Senate approves four bills seeking to make post-HS education accessible
Reposted from GMA News Online
30 July 2014
The Senate on Wednesday approved on third and final reading four bills seeking to make education more accessible to students.
Senate Bill No. 2275, also known as the Iskolar ng Bayan Act of 2014, grants the top 10 students of their graduating public high school class automatic college admission and scholarship to State Universities and Colleges (SUCs) of their choice within their provinces or nearby provinces, depending on the size of the SUCs and their course offerings.
The University of the Philippines (UP), however, will be excluded from the list of SUCs due to its institutional autonomy as the national university, unless it comes up with its own scholarship program for the top 10 public high school students.
Senator Pia Cayetano, chair of the Committee on Education, Arts and Culture, said once the bill was enacted into law, the scholars would be provided with free tuition fees, textbook allowance and a monthly living allowance.
“The Iskolar ng Bayan Program provides a big incentive for high school students to work hard and excel in their academics in order to rank within the top 10 of their graduating class and be afforded the benefits of this measure,” Cayetano said, adding: “Poverty and lack of opportunities will not hinder the crème de la crème of our public high school system from pursuing higher education.”
Also approved was Senate Bill No. 2272, also known as the Ladderized Education Act of 2014.
Ladderized education is a system of education that allows students to progress between technical-vocational education and training (TVET) and college and vice-versa, while at the same time opening opportunities for career and educational advancement for working and non-working students.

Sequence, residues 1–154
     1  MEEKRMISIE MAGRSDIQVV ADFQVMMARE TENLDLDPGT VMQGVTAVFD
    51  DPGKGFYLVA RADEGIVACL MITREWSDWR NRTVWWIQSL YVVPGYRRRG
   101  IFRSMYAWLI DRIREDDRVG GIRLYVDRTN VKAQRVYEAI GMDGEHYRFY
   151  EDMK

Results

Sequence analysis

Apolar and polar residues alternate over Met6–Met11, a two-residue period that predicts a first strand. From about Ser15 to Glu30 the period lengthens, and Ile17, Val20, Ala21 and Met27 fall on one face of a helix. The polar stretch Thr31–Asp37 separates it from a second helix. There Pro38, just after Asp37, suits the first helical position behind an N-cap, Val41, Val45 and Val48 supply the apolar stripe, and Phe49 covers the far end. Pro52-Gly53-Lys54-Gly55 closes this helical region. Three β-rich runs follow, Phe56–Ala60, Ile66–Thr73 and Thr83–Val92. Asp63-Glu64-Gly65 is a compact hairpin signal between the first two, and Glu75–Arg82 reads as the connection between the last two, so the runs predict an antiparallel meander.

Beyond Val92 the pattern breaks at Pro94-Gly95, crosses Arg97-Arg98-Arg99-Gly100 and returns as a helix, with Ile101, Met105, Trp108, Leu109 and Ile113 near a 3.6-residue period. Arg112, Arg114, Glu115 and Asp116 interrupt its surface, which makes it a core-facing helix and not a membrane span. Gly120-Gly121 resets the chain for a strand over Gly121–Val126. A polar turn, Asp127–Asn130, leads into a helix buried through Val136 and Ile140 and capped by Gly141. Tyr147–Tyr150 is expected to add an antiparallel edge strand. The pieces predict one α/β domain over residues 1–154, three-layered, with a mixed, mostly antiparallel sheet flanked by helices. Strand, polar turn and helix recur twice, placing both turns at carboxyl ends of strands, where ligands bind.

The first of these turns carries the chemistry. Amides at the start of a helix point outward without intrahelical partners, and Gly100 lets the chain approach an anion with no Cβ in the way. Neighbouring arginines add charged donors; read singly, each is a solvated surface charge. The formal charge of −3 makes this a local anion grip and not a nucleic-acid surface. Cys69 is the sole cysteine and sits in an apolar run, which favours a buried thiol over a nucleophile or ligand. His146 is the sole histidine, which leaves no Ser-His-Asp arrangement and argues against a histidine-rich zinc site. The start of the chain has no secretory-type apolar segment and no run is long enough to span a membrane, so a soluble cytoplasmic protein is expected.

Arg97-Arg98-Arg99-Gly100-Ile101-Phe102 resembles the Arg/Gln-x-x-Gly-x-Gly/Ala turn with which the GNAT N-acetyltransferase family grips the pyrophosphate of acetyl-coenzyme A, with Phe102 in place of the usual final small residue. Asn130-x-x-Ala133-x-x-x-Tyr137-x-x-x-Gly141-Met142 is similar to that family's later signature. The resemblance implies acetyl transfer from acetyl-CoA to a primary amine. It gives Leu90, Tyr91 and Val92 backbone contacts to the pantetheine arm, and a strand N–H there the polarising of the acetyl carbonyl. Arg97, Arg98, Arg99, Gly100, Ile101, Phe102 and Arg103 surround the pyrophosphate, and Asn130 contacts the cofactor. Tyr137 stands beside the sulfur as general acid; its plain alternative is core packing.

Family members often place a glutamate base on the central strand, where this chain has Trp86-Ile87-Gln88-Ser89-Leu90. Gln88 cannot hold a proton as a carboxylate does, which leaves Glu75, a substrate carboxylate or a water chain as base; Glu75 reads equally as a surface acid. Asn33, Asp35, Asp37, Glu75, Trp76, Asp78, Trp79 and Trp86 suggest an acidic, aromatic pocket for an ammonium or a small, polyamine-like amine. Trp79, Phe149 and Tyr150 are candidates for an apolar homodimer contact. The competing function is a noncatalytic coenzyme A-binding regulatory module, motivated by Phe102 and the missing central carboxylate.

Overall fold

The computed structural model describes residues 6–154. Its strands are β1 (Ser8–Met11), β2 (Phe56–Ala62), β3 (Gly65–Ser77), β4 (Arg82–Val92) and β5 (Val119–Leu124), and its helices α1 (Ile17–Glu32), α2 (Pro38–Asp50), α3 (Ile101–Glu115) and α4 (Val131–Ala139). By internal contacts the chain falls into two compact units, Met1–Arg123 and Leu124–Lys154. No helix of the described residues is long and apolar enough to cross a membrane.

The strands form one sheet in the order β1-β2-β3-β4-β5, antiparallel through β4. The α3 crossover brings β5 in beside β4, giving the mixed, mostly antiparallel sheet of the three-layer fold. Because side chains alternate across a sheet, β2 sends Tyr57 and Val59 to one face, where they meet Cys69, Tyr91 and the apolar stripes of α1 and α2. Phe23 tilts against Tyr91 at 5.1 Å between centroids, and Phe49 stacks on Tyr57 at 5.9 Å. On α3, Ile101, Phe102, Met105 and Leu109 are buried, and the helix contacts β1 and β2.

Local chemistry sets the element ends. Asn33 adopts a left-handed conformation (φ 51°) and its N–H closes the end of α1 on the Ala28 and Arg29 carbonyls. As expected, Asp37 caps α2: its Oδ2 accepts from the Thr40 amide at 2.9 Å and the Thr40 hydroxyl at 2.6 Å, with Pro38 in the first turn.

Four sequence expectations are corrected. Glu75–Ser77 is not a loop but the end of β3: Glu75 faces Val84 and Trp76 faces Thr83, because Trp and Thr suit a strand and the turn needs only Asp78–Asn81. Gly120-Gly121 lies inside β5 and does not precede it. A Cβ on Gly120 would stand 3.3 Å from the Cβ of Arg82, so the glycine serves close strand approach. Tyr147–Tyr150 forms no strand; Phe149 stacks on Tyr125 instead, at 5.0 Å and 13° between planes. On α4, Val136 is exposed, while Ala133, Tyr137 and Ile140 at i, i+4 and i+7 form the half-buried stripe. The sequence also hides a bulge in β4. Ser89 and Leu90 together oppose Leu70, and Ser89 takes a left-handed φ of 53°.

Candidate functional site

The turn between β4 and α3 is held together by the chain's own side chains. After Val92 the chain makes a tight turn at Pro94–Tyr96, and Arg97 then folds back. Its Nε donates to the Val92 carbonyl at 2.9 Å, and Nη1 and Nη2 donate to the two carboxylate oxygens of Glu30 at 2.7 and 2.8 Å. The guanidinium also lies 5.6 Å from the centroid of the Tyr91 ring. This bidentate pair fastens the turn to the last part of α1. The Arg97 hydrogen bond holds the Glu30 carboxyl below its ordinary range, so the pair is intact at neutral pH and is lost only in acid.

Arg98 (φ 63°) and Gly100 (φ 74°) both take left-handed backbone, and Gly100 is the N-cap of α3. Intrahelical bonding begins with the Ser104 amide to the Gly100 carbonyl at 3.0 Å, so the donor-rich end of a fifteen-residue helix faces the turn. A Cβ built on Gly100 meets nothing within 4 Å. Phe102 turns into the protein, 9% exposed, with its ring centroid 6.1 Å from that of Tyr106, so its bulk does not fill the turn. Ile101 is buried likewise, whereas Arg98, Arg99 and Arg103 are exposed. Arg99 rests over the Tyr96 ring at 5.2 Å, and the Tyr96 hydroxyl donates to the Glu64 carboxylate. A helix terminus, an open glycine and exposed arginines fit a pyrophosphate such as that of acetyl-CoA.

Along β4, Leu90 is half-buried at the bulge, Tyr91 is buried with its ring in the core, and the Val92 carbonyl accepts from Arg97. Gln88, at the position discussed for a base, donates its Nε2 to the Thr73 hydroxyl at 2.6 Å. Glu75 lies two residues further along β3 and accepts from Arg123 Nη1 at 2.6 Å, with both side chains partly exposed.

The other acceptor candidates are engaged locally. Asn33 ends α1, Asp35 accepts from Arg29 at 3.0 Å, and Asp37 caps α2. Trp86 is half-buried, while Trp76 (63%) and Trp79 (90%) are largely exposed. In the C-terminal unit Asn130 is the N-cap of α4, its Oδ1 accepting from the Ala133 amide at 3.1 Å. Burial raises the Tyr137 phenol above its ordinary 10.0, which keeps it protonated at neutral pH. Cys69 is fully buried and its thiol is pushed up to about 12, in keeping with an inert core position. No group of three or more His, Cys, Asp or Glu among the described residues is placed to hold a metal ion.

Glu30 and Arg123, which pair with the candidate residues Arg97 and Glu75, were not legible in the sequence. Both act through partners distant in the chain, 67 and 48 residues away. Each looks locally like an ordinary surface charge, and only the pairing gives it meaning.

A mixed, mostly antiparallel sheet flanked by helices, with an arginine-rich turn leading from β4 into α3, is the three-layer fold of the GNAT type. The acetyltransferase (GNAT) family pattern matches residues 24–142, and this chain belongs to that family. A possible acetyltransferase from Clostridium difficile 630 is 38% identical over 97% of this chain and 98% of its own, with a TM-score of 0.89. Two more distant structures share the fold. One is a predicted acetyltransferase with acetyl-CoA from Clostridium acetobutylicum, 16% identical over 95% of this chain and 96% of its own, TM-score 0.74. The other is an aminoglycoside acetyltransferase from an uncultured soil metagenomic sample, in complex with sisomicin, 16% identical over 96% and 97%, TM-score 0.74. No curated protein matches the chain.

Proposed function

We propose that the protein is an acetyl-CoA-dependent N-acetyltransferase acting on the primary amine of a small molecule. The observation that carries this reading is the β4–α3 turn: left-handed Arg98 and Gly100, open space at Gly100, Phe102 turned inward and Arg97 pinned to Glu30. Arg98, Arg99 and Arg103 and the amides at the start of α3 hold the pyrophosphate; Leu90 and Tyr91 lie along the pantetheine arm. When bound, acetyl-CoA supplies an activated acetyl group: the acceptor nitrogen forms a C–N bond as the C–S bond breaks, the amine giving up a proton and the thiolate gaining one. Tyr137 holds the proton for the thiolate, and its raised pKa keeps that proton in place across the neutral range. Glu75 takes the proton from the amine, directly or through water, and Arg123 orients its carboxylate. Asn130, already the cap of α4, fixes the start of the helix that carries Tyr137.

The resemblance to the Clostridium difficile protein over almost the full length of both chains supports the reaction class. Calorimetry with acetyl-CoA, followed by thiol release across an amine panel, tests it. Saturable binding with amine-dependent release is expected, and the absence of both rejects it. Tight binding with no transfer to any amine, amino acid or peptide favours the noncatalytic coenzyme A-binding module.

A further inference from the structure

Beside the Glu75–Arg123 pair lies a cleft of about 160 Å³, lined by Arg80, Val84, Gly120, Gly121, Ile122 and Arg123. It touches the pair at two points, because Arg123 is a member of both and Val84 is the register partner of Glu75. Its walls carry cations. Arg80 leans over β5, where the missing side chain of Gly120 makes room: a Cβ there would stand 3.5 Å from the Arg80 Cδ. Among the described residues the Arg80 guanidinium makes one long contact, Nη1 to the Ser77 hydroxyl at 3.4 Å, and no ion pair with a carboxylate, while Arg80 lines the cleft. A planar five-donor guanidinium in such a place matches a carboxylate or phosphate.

Cayetano said under the ladderized system of education, a student who has completed two years of tech-voc training will receive a certificate, allowing him or her to gain employment as soon as possible. A student may proceed to further studies if he or she would choose to.
She said the bill would synchronize tech-voc and college degree programs, thereby allowing individuals to progress between tech-voc courses, college degree programs and, ultimately, gainful employment.
Another proposal approved was Senate Bill No. 2274, which seeks to expand access to education through open learning and distance education.
Distance education is a mode of delivering education and instruction “on an individual basis to students who are not physically present in a traditional setting, such as the classroom.”
Cayetano said that under the measure, distance education at the tertiary level will be at par with existing standards, and comparable to formal educational systems.
Students enrolling in open learning systems can get their education through the use of different learning technologies and multimedia material, which strictly follow an approved curriculum, Cayetano said.
The Senate also approved a bill introducing entrepreneurship and financial subjects in the curriculum.
Under the bill, the Department of Education would develop and integrate subjects and competencies in entrepreneurship in the curriculum for the primary, secondary and alternative learning modules.
The Commission on Higher Education (CHED), Technical Education and Skills Development Authority (TESDA) and other private institutions would develop entrepreneurship and financial literacy modules for the tertiary and post-secondary education. Financing and grants would also be provided for the students, together with mentoring and the much-needed market linkages.
Sen. Paolo Benigno “Bam” Aquino IV, chairman of the Committee of Trade, Commerce and Entrepreneurship, said the measure would encourage Filipinos to go into businesses for themselves as an alternative solution to unemployment and underemployment.
“As the number of unemployed youth in the country grows each year, we really have to create new ways of thinking to address the epidemic,” Aquino earlier said in his sponsorship speech.
“Through training and exposure, young people would have an option of choosing to be their own bosses and start their own businesses as an option, instead of being an employee for a company that is not their own,” he further said. —Amita Legaspi/BM, GMA News
Photo: Sen. Pia Cayetano with DOST scholars at the Bohol Island State University (BISU)